Aroop ’09 and Auyon ’07 Mukharji publish first children’s book

In When the President Poops, the Mukharji brothers provide a lighthearted commentary regarding President Donald J. Trump. Photo courtesy of Aroop and Auyon Mukharji.

What do two brothers, both alums of the College, do when they aren’t either touring the country as a member of the band Darlingside or studying public policy and international relations at Harvard? They write a children’s book that is subtly critical yet respectful of the current U.S. Presidency by reminding readers that the President poops.

On Jan. 20, brothers Auyon Mukharji ’07 and Aroop Mukharji ’09 published When the President Poops, a 36-page picture book featuring their own illustrations and writing. The book humorously shows that despite the various responsibilities of a President – here depicted as President Donald J. Trump – they still need time to, yes, poop.

Aroop, a Ph.D. candidate studying public policy, international relations and political science,  first suggested writing a children’s book to Auyon shortly after Trump’s inauguration last year.

Auyon discussed his practicality in contrast with Aroop’s spontaneity. “[His] role in our relationship is often just getting things started and moving things,” Auyon said. “He’s big on ideas and is a force of nature.”

Writing the book was what Aroop called a “mood of the moment decision,” arising from a desire to comment on a presidency that has tremendous implications for younger generations.

“[We are] living in a moment of one of the most civically engaged public in decades,” Aroop said. “How do you simultaneously respect this institution [and], at the same time, disagree or criticize what is a fairly explosive, controversial, passionate moment in American politics – and especially one that you disagree with?”

Providing political commentary through a children’s book was the optimal “creative outlet,” Aroop said. He also wanted to add some excitement to the literature on politics that often takes place primarily within academic journals. Auyon, a member of the indie folk band Darlingside, was receptive to the idea, largely because of the varying reactions he had noticed from audiences at his concerts held after the election. 

“A niche I thought would be cool to fill [was to ask], ‘How do you introduce a child into this world of politics without explicitly demonizing or exalting this man, which sometimes seem like the only two perspectives on Trump?’” Auyon said.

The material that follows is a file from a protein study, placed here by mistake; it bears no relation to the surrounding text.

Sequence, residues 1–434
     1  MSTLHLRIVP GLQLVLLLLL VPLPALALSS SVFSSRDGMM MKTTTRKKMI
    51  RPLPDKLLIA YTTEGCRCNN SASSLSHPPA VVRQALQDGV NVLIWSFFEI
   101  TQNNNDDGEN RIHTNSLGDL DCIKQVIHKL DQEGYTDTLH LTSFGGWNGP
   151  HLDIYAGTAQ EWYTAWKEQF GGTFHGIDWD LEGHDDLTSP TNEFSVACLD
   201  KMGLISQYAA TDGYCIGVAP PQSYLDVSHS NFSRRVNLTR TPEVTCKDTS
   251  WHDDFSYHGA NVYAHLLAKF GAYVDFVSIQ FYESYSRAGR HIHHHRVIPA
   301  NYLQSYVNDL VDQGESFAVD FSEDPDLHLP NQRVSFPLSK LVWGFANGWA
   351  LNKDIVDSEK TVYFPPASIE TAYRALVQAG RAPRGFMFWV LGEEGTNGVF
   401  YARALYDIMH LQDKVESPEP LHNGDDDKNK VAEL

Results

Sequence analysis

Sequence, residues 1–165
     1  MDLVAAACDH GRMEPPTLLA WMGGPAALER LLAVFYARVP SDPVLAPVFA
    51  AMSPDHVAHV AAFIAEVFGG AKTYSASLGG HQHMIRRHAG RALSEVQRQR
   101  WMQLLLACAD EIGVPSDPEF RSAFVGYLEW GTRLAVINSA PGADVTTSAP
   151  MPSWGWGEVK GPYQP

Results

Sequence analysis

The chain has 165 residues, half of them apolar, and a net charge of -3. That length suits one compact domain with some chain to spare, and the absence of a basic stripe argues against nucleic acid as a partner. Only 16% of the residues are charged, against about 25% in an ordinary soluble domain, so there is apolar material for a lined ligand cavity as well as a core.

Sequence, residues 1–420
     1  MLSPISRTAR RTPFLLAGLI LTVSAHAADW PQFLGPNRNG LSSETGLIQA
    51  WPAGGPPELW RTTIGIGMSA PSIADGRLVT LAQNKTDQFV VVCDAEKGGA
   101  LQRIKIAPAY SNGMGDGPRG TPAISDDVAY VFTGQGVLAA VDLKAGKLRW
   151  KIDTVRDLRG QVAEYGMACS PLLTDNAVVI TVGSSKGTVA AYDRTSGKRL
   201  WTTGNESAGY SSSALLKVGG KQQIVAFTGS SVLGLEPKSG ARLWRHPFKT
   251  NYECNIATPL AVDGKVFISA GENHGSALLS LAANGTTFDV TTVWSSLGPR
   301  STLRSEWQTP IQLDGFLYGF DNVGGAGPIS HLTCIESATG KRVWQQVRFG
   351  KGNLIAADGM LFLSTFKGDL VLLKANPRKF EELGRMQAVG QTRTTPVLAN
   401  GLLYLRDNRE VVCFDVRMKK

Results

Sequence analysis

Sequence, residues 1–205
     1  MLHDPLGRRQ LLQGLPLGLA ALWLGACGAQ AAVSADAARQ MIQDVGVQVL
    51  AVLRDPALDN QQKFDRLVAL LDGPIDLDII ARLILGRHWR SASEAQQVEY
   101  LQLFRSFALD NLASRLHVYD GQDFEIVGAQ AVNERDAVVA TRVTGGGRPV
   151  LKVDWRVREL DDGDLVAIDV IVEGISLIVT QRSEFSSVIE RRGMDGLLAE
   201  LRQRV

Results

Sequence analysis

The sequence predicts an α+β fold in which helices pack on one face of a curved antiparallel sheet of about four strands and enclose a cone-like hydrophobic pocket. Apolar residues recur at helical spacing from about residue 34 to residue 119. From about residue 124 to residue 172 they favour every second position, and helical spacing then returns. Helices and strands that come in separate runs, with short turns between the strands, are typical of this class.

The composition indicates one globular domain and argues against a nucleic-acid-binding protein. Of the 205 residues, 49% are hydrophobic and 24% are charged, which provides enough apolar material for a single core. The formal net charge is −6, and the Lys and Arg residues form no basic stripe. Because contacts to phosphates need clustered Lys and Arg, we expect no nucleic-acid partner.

He instead wanted to present a humanizing portrait of the current presidency that could extend to any prominent figure in society, a sentiment inspired by his father; “When you look up at your heroes, keep in mind that they put their pants on the same way as you do: one leg at a time,” Aroop and Auyon’s father used to tell them.

“Even though these people might seem so far away, they’re still people. So the hope is [to introduce] children to this president as a person,” Auyon said. It is a humorous yet humbling reminder for all readers, adults included, that the President “takes dumps just like you do,” he said.

From playing with rubber band guns, paper airplanes and Legos during their childhoods to being involved in a cappella, squash and tennis at the College, the brothers have embarked on various endeavors together. Yet despite their natural partnership, both had to consider the risky factors involved in the project.

“There’s no question that there’s some degree of risk you take on when you’re writing about human feces,”Aroop said. Both brothers also had to consider how they would navigate their busy schedules while working on the book. But after an hour or so of hashing out the general structure of the book at a Thai restaurant away from their shared Cambridge, Mass. apartment, both were sold on the project.

Drawing inspiration from classic comics like Calvin and Hobbes and The Adventures of Tintin, the duo formalized their idea from February to June of 2017. They refined their illustrations to depict scenarios of presidential responsibilities recognizable to children during which the President might need to poop, while also including “cheeky” references that adults could appreciate, like one illustration of President Trump meeting with German chancellor Angela Merkel, or another of Trump tweeting on the toilet.

Some of the illustrations incorporate greater political criticisms the brothers have. For example, an image of Trump leaving to go to the bathroom during a press conference speaks to political leaders’ tendencies to evade questions.

The duo did argue about small, nitty-gritty details regarding the illustrations, such as Trump’s skin tone and hair. The biggest point of contention, however, was Trump’s eyebrows: Should they be arched, angled downward or simply straight lines? “I think eyebrows are the most underused gesture,” Aroop said.

Despite its lightheartedness, the brothers also wanted to use the book as a means to highlight the importance of treating all people with respect, a principle that was emphasized greatly within their family.

“The hope for our parents was to instill [in us] respect for [others] … and it wasn’t until much later, post-college, really, that I started putting treatment of people together with politics and government,” Auyon said. His parents did not make that connection as explicit, partly because they were immigrants from India. “There wasn’t the same connection that one might have as a lifelong citizen of a country. There wasn’t the same ownership over the culture,” he said. Rather, their parents emphasized compassion and caring, lessons that the brothers hope are incorporated into When the President Poops.

With the book now available for purchase on Amazon, the Mukharji brothers are excited to get feedback from friends, family and members of the College community. And who knows? Maybe even Trump himself.

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